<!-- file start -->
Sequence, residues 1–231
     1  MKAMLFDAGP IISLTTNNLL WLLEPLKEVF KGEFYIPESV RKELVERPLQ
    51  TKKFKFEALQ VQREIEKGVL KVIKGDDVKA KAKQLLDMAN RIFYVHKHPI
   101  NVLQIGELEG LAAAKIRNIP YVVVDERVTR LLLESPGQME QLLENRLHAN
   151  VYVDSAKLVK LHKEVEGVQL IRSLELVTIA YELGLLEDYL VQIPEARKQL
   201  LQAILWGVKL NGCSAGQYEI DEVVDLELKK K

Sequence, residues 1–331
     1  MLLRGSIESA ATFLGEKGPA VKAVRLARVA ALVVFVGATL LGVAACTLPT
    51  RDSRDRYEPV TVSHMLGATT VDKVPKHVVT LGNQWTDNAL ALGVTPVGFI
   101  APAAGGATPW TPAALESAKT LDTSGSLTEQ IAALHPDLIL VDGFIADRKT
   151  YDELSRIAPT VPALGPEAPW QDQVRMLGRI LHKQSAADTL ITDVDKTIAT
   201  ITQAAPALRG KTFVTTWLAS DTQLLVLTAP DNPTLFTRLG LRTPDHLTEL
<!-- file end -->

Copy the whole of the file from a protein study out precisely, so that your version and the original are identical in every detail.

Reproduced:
Sequence, residues 1–231
     1  MKAMLFDAGP IISLTTNNLL WLLEPLKEVF KGEFYIPESV RKELVERPLQ
    51  TKKFKFEALQ VQREIEKGVL KVIKGDDVKA KAKQLLDMAN RIFYVHKHPI
   101  NVLQIGELEG LAAAKIRNIP YVVVDERVTR LLLESPGQME QLLENRLHAN
   151  VYVDSAKLVK LHKEVEGVQL IRSLELVTIA YELGLLEDYL VQIPEARKQL
   201  LQAILWGVKL NGCSAGQYEI DEVVDLELKK K

Sequence, residues 1–331
     1  MLLRGSIESA ATFLGEKGPA VKAVRLARVA ALVVFVGATL LGVAACTLPT
    51  RDSRDRYEPV TVSHMLGATT VDKVPKHVVT LGNQWTDNAL ALGVTPVGFI
   101  APAAGGATPW TPAALESAKT LDTSGSLTEQ IAALHPDLIL VDGFIADRKT
   151  YDELSRIAPT VPALGPEAPW QDQVRMLGRI LHKQSAADTL ITDVDKTIAT
   201  ITQAAPALRG KTFVTTWLAS DTQLLVLTAP DNPTLFTRLG LRTPDHLTEL